Now it’s tea…

Cigarettes, alcohol, fatty food, tea, all will kill you if you don’t cut back. Yes, drink over 7 cups of tea a day and you increase your chances of prostate cancer by 50%.


Men who drink lots of tea are far more likely to develop prostate cancer, researchers have warned.
They found that those who drank seven or more cups a day had a 50 per cent higher risk of contracting the disease than men who had three or fewer.
The warning comes after scientists at the University of Glasgow tracked the health of more than 6,000 men for four decades.

This comes on top of Cholesterol damages your brain (BBC) Lack of sleep giving you a stroke (Express) and marathon running can scar your heart (Telegraph)

It doesn’t seem to matter what you do, how you live your life there’s something out there is going to get you. What’s worse is that the health fanatics out there are determined to force us into living life on their terms, not ours.

What should be a matter of lifestyle choice is now fraught with authoritarianism. Smoke or drink too much or even overweight and there’s a chance that medical staff will turn around and throw you off the waiting list for an operation. Doesn’t matter if you’re otherwise healthy, work and pay into the system, if you’re doing something they don’t like, then there’s a chance they’ll prevent you from getting treatment unless you stop eating/drinking/smoking.

How did we ever let these people get into positions of power over us? The sheer inhumanity of their decisions at times is staggering. It really is none of their business how we live our lives, so long as we aren’t breaking any laws, rather than their petty rules.

Yes I know it’s supposed to be about saving the NHS money, but I could do that quite easily by simply removing whole swathes of middle management and letting doctors and nurses sort things out for themselves. Not sure how well that would work, but getting rid of the policy makers who try to prevent people getting help certainly couldn’t hurt.

I really think there needs to be a comprehensive look at just how we do ‘health’ in the UK, both in financing and delivery. To far too many people the NHS is a sacred cow, yet it’s obvious that there are better ways to deliver health. We just need to pick the way that works best for us, not necessarily the most efficient, simply the best.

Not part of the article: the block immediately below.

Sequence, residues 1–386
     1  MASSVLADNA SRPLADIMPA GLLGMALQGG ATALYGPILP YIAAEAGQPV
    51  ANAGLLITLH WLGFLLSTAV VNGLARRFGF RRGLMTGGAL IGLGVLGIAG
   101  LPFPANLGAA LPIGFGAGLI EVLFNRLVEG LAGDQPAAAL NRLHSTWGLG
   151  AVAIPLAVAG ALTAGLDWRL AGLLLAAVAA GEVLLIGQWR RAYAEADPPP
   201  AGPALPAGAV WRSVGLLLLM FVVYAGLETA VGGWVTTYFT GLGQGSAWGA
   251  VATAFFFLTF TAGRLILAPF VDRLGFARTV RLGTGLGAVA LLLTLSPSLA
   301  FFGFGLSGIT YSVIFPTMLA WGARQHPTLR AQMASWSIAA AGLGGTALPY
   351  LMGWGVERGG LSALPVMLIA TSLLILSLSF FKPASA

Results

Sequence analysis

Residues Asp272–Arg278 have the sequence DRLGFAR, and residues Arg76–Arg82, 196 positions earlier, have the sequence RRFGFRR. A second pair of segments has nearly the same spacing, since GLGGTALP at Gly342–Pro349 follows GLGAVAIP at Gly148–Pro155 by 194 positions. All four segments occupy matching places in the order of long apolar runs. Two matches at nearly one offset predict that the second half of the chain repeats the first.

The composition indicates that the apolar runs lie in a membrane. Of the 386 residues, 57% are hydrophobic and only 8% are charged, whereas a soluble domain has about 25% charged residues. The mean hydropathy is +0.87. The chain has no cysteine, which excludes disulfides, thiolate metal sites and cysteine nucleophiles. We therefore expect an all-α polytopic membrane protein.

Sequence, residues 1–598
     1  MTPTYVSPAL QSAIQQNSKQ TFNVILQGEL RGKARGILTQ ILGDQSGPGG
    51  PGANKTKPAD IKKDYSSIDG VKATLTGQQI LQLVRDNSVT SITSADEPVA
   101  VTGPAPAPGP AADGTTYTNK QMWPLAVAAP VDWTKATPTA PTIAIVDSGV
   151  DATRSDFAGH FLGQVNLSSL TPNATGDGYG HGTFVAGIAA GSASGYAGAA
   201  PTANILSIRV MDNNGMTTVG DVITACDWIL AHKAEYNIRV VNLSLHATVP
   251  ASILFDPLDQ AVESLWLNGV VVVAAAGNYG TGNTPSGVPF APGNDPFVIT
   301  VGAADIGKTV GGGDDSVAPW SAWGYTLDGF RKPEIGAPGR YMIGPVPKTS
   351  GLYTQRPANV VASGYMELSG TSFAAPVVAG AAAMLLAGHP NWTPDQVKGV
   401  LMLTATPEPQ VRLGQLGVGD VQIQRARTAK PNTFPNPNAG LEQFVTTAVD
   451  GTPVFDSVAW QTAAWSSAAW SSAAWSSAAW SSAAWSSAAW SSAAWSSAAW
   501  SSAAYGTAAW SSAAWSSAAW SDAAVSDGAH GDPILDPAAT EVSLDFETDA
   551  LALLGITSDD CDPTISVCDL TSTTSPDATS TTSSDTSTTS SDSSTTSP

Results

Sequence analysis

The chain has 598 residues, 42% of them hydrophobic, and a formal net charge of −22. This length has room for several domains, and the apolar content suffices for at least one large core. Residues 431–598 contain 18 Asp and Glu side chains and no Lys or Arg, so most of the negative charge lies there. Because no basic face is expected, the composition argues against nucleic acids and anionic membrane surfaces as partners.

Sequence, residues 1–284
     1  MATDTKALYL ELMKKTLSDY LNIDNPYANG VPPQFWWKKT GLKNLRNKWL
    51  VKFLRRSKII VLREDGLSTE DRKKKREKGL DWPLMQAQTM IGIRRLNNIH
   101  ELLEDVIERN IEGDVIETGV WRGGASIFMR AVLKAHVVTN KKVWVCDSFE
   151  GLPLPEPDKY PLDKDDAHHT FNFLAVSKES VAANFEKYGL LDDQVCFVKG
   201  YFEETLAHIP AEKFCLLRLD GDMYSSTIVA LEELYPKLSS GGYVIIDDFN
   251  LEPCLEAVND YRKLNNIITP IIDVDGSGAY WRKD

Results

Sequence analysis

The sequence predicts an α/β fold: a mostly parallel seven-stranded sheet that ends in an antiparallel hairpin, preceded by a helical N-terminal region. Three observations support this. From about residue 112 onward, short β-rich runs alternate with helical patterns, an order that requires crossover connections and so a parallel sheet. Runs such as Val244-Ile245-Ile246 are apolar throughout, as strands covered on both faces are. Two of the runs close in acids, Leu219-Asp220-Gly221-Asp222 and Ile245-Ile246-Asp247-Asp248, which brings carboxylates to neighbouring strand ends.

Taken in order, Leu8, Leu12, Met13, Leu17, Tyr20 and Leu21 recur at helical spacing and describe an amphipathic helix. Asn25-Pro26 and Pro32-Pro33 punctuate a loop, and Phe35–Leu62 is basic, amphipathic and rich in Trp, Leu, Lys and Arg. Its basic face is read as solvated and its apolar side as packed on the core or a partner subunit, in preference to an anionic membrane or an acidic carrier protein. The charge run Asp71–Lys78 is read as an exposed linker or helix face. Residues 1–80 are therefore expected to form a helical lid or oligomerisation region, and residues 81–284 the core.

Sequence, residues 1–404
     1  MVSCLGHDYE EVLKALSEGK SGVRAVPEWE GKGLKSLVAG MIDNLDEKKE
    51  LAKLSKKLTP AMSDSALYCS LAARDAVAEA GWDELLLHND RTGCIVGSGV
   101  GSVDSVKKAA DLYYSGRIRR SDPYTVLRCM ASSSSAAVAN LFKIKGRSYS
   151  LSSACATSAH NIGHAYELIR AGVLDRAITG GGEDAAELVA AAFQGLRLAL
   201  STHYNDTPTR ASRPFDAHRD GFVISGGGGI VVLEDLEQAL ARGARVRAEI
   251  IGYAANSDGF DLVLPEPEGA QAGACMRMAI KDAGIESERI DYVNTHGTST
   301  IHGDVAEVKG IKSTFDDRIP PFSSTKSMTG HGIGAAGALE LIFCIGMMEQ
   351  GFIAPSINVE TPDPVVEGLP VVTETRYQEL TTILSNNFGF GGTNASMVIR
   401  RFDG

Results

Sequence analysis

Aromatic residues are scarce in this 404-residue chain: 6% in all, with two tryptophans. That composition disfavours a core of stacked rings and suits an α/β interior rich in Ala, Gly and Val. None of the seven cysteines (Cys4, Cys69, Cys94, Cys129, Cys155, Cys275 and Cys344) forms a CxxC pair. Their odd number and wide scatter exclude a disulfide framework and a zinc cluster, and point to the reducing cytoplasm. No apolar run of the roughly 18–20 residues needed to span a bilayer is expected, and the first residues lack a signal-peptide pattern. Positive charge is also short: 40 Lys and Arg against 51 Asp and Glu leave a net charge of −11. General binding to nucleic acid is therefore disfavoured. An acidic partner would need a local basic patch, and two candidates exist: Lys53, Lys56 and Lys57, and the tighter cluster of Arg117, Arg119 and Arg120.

11 comments for “Now it’s tea…

  1. June 19, 2012 at 12:39 pm

    Yes I know it’s supposed to be about saving the NHS money…

    An unintended consequence of universal healthcare.

  2. June 19, 2012 at 1:28 pm

    Tea? FFS, what the hell did they think I’d start drinking when I gave up booze?

  3. June 19, 2012 at 2:59 pm

    You get about five cups a day in hospital, or at least I did and there was always more available.

    • john
      June 19, 2012 at 3:29 pm

      Yeah, and hospital food is the bastion of healthy eating.

  4. microdave
    June 19, 2012 at 3:54 pm

    I mentioned this to my doctor this morning after she had examined me, and said I don’t have lung cancer because I have been coughing for more than 3 weeks.

    Another “helpful” NHS campaign which just causes more anguish…

    • June 19, 2012 at 4:09 pm

      This is why I tend to ignore them. If I have symptoms that cause me concern, then I’ll see the GP, but I take no notice of propaganda campaigns.

  5. Pissed-off
    June 19, 2012 at 6:02 pm

    NHS? At nearly 70 years old I intend to die at home, where I can crawl to a tap for a drink of water rather than wait for one of those people chatting by the work station to minister to me.

  6. June 19, 2012 at 6:16 pm

    I’m extreeeeemly worried about this as it appears I’ll have to evolve a prostate gland first.

  7. Mudplugger
    June 19, 2012 at 8:36 pm

    But, perversely, the drinking of tea was one of the silent elements which enabled Britain to develop and sustain large and productive cities in the Industrial Revolution.

    Because tea has some antiseptic properties, some infections were stopped in their tracks before they could become epidemics (which inhibited growth of cities in other countries) and this, coupled with the tea-brewing’s necessity of boiling their fetid water first, eliminated yet more potentially communicable infections.

    We must assume that those hard-working Victorians would have accepted the marginally greater risk of dying from prostate cancer as preferable to an earlier demise from any of the popularly circulating infections. (‘Tis true, of course, that those Victorians didn’t know that any of this was happening in their teapots – they were just lucky)

  8. June 20, 2012 at 4:13 am

    I don’t drink any tea at all eo, YAY! I’m going to live twice as long as….er?

  9. Greg Tingey
    June 20, 2012 at 8:23 am

    Given the sort of cancer they are talking about, do you think an appropriate response is, erm …

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